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why is contrast media used in CT?

because radiographic contrast of structures may be difficult to differentiate (similar appearance, HU values ex windowing)


role of tech with contrast administration

special knowledge and application of:

  • patient assessment
  • preparation
  • administration of contrast media
  • precautions


contrast media

An agent that temporarily enhances differences between anatomical structures


  • Viewing
  • Localization
  • Differentiation


Types of contrast media

Main forms:

  • Liquid (most common in CT)
  • Gas/ air
  • Paste/Powder (barium, add liquid)


  • Dependant on attenuation value of enhanced structure




Classifications of contrast media

  • Negative contrast appears black or dark

Example: Air & Gases (CO2)

  • Positive contrast appears white or light

Example: Iodinated Solutions & Some Barium Sulfate Solutions (IV injections)

  • Double contrast studies can use a combination of contrast agents to help distinguish between structures on a CT scan


Selection Criteria for contrast media

The use of contrast material in any given study is determined by evaluating a variety of factors:

Radiographic appearance

  • Necessary for diagnosis


  • Equipment limitations
  • Type of contrast agent


  • Contraindications
  • Condition

Administration Route

  • Example: Barium can only be used for GI tract imaging

********* NEVER inject barium into veins


types of contrast media used in CT

  • air
  • carbon dioxide (preferred over air)
  • water
  • barium sulfate solutions (formulated for CT usage)
  • iodinated water-soluble solutions (most commonly used in CT imaging)


why air and gases are used in CT

air and gases:

  • are non-toxic and provide unobstructed visualization of anatomical structures
  • distends GI tract (colon and stomach) for improved pathology detection
  • readily absorbed by the body

advantage of carbon dioxide:

  • insufflation
  • absorption
  • patient comfort


usage and administration of air and gas

air and gas can be used for the following exams:

  • virtual colonoscopies
  • GI studies
  • arthrograms
  • myelograms

air and gases can be administered:

  • via injection
  • orally
  • rectally


why water is used in CT


  • patients will not present with allergies, and it is cheap and easily accessible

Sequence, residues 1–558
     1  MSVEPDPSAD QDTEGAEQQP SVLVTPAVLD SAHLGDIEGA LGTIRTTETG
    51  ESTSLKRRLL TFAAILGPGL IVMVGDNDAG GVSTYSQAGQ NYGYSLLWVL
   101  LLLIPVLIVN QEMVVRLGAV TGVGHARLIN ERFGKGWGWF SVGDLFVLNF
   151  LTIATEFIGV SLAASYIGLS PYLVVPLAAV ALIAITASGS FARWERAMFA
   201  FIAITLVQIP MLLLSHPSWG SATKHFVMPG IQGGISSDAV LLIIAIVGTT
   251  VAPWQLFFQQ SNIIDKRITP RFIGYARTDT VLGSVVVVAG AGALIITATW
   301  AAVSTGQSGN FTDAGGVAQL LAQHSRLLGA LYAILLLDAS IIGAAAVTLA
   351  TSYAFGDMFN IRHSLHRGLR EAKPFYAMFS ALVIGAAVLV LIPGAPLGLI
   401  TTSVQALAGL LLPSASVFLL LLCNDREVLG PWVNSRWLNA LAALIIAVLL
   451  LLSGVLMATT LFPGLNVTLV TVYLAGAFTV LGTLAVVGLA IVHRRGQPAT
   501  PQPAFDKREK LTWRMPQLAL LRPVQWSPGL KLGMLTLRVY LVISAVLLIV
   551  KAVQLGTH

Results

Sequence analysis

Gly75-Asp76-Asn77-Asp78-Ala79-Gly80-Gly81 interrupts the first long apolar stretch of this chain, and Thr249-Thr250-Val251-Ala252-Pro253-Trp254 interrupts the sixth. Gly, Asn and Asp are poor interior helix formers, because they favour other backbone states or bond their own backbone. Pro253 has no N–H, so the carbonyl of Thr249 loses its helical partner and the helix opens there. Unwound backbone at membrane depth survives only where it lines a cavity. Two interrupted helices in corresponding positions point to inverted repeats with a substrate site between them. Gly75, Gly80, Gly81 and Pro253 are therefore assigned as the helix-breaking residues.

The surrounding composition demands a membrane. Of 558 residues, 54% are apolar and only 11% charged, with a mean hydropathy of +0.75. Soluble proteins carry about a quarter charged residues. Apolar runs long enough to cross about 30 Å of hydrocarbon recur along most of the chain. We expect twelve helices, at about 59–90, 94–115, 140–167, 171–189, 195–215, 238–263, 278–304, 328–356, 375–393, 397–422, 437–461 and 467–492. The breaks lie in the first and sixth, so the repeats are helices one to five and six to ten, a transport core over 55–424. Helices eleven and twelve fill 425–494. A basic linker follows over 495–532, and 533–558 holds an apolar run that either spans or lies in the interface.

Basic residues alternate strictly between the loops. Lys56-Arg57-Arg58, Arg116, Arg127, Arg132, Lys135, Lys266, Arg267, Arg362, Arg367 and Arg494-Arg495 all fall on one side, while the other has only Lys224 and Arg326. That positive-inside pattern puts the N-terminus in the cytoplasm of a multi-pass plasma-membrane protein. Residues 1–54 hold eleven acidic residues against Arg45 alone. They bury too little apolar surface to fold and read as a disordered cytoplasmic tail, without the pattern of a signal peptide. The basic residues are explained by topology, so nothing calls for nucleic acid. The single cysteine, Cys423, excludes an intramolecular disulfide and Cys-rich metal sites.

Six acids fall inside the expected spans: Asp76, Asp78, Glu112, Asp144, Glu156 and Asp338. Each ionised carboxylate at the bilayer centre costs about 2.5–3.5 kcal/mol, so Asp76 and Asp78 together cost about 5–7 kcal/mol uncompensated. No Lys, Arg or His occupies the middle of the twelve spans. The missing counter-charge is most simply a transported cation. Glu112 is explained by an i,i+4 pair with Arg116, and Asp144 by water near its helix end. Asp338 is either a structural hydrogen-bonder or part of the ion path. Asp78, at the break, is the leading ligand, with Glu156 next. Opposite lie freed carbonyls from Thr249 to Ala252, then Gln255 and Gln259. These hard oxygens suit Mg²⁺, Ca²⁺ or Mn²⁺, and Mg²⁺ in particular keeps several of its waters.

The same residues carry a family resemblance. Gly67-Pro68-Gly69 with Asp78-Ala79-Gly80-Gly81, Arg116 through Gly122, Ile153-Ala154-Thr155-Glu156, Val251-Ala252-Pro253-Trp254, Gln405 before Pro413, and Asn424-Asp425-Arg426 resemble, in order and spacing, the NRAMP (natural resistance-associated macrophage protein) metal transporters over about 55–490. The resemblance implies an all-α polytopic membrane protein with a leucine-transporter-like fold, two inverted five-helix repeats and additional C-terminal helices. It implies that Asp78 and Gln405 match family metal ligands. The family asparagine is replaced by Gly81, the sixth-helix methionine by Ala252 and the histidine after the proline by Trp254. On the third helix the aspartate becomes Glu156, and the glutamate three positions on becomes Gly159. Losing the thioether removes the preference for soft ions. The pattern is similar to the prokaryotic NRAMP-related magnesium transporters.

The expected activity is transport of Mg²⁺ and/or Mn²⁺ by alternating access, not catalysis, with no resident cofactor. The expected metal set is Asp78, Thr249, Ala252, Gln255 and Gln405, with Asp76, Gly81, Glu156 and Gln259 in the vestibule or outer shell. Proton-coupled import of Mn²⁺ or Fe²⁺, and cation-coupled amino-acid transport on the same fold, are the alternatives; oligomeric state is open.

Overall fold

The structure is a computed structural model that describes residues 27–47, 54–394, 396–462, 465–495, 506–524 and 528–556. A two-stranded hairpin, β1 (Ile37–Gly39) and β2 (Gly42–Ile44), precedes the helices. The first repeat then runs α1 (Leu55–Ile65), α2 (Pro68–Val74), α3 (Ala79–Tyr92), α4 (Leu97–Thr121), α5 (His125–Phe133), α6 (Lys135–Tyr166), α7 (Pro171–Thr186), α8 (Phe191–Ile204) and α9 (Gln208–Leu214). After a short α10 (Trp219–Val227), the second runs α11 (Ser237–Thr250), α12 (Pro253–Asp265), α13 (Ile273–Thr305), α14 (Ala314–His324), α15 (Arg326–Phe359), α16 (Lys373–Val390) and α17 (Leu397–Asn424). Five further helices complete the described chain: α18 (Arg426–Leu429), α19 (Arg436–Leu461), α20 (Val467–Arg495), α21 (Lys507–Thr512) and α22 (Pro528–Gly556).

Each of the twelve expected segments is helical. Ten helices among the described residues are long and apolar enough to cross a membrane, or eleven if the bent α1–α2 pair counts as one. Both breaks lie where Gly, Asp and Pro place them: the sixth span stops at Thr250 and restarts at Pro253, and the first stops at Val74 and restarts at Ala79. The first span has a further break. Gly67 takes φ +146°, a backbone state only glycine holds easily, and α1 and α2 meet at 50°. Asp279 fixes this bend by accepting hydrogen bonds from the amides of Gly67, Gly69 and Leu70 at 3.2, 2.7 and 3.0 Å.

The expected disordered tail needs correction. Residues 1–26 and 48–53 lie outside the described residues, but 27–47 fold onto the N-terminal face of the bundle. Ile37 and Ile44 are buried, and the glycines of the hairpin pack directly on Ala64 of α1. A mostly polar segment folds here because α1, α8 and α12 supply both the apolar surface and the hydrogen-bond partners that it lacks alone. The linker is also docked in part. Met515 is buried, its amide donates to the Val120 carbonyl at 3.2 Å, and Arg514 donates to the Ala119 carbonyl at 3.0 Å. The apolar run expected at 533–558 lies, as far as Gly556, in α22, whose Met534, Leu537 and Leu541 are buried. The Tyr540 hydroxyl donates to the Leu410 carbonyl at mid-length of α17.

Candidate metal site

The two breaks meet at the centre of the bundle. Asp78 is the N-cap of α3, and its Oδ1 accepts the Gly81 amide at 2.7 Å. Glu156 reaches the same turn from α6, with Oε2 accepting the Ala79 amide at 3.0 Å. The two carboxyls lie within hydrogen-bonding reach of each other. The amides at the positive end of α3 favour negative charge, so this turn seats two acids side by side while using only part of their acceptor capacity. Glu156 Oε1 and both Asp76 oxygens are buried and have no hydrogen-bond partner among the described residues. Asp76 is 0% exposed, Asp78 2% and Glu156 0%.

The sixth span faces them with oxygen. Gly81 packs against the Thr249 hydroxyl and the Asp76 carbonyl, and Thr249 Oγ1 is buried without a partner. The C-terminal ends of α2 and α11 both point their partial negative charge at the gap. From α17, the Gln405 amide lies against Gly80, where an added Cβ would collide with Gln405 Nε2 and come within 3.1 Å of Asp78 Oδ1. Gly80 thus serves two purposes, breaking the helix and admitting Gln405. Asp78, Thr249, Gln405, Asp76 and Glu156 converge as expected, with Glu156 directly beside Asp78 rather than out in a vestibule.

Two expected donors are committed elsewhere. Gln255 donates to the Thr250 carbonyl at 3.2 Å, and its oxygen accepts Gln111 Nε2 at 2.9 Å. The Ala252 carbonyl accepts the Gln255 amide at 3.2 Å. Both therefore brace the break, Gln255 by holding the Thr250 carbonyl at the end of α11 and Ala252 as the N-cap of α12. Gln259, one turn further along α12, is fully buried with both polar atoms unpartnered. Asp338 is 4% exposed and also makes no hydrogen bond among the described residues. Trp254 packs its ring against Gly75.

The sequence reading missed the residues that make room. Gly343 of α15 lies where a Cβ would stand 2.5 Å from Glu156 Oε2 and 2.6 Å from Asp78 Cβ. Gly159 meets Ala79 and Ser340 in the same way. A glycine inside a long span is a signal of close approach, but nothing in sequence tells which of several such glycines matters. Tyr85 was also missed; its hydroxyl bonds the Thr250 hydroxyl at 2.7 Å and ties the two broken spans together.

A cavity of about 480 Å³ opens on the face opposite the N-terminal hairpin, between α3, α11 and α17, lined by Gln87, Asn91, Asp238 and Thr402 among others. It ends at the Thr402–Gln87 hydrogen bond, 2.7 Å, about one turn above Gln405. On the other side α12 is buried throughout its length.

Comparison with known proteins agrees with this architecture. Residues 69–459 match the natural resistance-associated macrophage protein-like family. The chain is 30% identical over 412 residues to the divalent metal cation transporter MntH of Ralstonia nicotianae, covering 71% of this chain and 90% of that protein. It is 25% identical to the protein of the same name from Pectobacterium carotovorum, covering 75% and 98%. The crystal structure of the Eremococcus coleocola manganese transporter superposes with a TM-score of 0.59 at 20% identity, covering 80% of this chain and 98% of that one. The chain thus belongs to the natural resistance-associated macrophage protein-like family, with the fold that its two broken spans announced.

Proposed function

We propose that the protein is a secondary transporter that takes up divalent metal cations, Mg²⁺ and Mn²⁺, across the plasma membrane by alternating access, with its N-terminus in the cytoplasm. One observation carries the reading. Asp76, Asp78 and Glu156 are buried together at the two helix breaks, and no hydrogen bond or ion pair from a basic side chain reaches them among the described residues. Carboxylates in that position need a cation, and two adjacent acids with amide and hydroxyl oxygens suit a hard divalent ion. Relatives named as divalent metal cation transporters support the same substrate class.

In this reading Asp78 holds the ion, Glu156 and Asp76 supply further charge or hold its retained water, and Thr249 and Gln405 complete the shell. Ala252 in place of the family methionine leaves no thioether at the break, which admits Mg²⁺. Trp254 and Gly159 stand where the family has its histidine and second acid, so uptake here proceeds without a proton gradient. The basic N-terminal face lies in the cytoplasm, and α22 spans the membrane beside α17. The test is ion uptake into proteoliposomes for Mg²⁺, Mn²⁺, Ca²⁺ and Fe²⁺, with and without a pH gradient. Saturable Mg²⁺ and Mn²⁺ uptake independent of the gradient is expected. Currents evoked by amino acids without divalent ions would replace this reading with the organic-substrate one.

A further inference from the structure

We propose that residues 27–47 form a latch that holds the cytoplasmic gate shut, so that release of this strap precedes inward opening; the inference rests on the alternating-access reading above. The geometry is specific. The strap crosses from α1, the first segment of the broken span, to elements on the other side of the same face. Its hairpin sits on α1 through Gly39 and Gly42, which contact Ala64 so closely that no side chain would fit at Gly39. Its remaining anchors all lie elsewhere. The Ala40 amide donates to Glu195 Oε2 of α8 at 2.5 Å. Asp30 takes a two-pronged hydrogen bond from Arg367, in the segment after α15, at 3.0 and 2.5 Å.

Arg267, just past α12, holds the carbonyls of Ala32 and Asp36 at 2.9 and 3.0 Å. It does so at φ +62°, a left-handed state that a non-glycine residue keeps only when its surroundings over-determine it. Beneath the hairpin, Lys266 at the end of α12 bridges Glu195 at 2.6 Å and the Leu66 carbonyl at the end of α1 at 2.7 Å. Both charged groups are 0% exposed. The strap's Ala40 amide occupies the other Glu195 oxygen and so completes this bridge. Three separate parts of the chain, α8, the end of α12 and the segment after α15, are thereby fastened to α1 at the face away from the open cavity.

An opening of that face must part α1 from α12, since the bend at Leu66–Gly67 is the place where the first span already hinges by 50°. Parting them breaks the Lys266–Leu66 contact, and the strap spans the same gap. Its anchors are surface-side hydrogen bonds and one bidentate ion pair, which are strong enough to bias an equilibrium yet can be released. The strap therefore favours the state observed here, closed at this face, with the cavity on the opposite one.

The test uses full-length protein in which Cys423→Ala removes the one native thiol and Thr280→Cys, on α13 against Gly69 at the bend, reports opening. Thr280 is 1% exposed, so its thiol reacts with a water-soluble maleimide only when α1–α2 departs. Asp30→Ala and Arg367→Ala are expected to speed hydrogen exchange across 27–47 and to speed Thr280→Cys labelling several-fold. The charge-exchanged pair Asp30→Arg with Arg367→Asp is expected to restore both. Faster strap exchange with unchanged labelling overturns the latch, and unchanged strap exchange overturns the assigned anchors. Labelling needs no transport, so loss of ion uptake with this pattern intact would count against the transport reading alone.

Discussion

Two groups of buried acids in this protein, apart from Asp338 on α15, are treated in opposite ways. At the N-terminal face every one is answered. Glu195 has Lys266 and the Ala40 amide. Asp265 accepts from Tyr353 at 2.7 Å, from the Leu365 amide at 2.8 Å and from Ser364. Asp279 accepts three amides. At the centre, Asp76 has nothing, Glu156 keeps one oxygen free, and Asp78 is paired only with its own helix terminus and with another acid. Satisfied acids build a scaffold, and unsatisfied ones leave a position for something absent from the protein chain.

• waters low density will not impede 3D reformatting


  • poor bowel distention
  • rapid transit time


usage and administration of water

water can be used for the following exams:

  • evaluation of the pancreas
  • GI studies
  • gastric neoplasms

water is typically administered:

  • orally


why barium sulfate is used in CT:

Barium sulfate solutions:

  • specially formulated radiopaque agents use 1 to 3% concentration for CT usage
  • 2 forms can be used to improve anatomic visualization:
  1. liquid: low concentration and viscosity
  2. paste: high viscosity for esophageal studies
  • can cling to bowel walls
  • ex: Readi-cat


  • can cause streaks
  • needs to be diluted
  • allergies can occur
  • poor mucosal evaluation
  • complications
  • contraindications



"unique" CT barium sulfate solution:

  • low HU (classifications can vary)
  • 0.1% barium sulfate concentration
  • resembles water

advantages over water:

  • better bowel distension
  • slower transit time
  • improved bowel wall and mucosa visualization



usage and administration of barium sulfate solutions

can be used for:

  • GI studies

Barium solutions are typically administered:

  • orally (more common)
  • rectally


why iodinated media is used in CT

iodinated water-soluble solutions:

  • provide differential enhancement, increasing visualization of a variety of structures
  • there are many non-ionic forms that can be used (osmolality and viscosity is variable)
  • not metabolized


  • differential enhancement
  • allergic-like reactions
  • poor mucosal coating
  • contraindicatioons
  • diarrhea


usage and administration of iondinated contrast media

iodinated contrast media can be used for:

  • GI studies
  • arthrograms
  • postmyelograms
  • vascular and arterial studies
  • solid organ contrast enhancement

Iodinated agents can be administered:

  • orally
  • rectally
  • via injection
  • IV


iodinated oral contrast media

  • oral conrast media is used for CT scans investigating pathology in the GI tract
  • most commonly Telebrix, Lactulose, or Gastrografin are used
  • Normal responses to iodinated oral contrast can include the onset of diarrhea either immediately while ingesting the oral contrast or post-procedure


injected and IV iodinated contrast media

  • IV contrast is the most common administration method in CT
  • IV contrast is used when imaging the arterial or venous circulation system as well as the solid organs of the chest, abdomen or pelvis